Facing Meth: An addict’s story of recovery

addiction-methLA CROSSE, Wisconsin (WXOW)– Brooke Clements, a La Crosse teenager, battled addiction for years. She tried getting clean, but relapsed several times, until she realized it was becoming a matter of life and death.

In July Brooke used methamphetamine every few hours for six days, barely sleeping or eating, but when she began to feel dangerously ill, she called 911. It wasn’t her first drug overdose but Brooke vowed it would be her last.

“They told me in the ambulance that I had a meth overdose,” Brooke said. “I don’t have any intentions of dying.”

However getting clean isn’t easy. Brooke started using drugs at 14 and continued even after court ordered rehab, and meth users have one of the highest relapses rates. Casey Bablitich a chemical dependency counselor at Gundersen Health System, says studies show most people go through treatment about seven times before staying clean.

“Meth is a very powerful stimulant so the first time someone uses, it has the potential of grabbing them and hooking them,” Bablitich said.

Meth contains things like campfire fuel and household cleaners; a toxic drug people with addictions turn to when they’re desperate for a high.

“They’re using just to feel normal and they lose what the real normal feels,” Bablitich said.

Brooke says meth left her with heart problems and scaring in her throat and lungs, but it’s the emotional toll the drugs took that create the biggest hurdles to her sobriety.

“There’s always temptations. I mean if something doesn’t go my way, instant thought is oh go use. Or if I’m depressed, oh go use,” Brooke said. “I have using dreams a lot. And I had one the other night and I woke up and I was shaking and I had to calm myself down and be like you’re ok, you didn’t use, it’s just a dream.”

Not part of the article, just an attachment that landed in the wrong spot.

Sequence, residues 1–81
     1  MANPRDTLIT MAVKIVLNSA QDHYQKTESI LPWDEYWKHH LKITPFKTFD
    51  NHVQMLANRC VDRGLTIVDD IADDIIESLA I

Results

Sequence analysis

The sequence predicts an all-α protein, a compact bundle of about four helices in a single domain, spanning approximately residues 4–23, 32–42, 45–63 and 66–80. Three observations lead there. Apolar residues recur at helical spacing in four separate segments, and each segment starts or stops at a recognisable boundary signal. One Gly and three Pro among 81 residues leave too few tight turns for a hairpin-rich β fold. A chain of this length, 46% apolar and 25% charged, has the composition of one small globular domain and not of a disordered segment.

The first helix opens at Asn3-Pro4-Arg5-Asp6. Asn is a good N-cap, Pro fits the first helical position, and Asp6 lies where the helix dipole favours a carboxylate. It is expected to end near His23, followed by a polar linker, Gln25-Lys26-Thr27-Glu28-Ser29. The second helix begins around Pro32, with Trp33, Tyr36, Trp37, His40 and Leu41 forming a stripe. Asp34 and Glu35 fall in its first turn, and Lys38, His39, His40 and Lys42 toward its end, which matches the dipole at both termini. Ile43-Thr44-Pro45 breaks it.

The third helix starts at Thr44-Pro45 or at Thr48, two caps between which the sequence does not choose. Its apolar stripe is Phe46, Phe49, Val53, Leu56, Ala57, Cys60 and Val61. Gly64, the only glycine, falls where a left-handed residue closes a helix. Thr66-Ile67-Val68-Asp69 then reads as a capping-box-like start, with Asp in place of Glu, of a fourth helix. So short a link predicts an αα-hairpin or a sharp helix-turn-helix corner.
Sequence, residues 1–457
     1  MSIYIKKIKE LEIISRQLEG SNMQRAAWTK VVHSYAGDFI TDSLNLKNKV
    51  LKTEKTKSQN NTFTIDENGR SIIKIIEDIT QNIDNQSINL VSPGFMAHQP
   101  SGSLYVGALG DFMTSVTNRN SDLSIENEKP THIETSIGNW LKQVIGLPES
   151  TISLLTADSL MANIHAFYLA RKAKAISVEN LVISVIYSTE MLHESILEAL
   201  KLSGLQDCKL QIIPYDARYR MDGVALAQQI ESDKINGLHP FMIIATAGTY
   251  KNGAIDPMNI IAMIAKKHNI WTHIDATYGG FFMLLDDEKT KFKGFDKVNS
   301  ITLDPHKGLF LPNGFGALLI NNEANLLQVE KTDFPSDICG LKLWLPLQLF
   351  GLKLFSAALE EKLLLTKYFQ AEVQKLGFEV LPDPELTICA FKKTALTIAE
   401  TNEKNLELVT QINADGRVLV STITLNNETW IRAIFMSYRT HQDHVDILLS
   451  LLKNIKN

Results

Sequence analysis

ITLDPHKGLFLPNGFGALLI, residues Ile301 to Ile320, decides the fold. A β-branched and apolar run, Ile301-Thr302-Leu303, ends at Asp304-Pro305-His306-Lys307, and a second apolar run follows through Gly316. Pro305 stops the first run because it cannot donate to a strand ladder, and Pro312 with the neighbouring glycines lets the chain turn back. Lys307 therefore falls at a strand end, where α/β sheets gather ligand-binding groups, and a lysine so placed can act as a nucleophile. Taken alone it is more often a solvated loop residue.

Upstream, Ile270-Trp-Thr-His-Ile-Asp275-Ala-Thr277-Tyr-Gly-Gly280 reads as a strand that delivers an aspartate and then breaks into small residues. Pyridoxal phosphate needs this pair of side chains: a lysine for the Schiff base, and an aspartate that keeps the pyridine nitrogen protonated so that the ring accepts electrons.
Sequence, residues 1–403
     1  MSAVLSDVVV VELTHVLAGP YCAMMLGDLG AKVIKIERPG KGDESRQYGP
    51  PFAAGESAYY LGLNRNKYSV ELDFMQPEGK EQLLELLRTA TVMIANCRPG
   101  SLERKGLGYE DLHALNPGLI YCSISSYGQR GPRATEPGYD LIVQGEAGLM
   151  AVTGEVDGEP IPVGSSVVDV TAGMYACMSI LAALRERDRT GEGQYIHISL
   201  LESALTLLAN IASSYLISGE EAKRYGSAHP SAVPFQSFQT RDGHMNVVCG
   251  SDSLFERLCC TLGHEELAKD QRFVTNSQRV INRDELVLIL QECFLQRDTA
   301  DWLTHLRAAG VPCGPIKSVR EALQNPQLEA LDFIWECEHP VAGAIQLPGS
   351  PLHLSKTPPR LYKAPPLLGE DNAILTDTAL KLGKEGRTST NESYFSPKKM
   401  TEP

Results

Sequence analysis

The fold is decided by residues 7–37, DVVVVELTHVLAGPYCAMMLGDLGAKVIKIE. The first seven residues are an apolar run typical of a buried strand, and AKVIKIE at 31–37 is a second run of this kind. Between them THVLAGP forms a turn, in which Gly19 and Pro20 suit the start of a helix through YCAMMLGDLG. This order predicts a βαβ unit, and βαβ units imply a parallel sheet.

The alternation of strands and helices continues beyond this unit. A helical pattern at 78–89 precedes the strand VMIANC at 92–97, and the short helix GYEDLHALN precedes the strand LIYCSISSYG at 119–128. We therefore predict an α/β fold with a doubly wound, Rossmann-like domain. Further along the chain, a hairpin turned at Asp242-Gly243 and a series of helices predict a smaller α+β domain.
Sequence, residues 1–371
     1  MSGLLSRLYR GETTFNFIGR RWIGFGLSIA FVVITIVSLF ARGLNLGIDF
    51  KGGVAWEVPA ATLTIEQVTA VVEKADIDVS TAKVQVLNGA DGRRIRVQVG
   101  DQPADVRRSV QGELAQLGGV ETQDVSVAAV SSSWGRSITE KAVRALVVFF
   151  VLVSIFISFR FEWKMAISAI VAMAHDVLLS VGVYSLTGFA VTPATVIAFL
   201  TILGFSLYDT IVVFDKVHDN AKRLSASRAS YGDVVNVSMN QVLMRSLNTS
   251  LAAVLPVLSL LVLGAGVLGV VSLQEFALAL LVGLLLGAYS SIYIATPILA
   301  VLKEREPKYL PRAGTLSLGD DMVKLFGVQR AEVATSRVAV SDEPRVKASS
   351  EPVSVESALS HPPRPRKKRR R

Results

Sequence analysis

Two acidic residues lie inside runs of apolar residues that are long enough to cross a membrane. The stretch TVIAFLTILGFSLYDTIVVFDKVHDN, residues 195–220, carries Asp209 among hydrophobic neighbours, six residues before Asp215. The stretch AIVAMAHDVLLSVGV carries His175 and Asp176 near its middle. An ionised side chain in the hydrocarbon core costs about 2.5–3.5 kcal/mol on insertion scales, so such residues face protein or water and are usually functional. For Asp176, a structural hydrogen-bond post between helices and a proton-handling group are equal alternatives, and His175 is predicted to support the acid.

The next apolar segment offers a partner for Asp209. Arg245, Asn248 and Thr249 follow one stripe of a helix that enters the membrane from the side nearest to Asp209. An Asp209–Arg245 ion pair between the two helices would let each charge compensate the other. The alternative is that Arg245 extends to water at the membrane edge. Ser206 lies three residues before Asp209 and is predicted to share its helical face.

Despite the obstacles Brooke is now 101 days clean. Something she credits to daily meetings, her sponsor and changing virtually every aspect of her life, from who she hangs out with to what she eats to her exercise routine. Still Brooke says she will never be addiction free.

“When I turn 21, I won’t ever be able to go have my 21st birthday and go and bar hop,” Brooke said. “Once an addict, always an addict. I am in recovery.”

But Brooke says faith and thoughts of the future keep her moving forward.

“I wanna make a difference in the world. Whether it be just talking to fellow addicts and eventually getting enough clean time where I can sponsor somebody and help them out or eventually going back to college,” Brooke said.

But she says she has a ways to go. Right now, her focus is on staying busy with sober activities, to keep her mind off using.

“Normally when I catch myself think about that, I either call for help or I push it away and say you know that’s not reality, you know what’s going to happen, you’re just going to end up in the same place or even dead or in prison,” Brooke said. “I mean it’s going to take some time, but eventually I’m hoping I can reach that point, where when somebody offers me something, I can be like no, no thanks.” Article Link…

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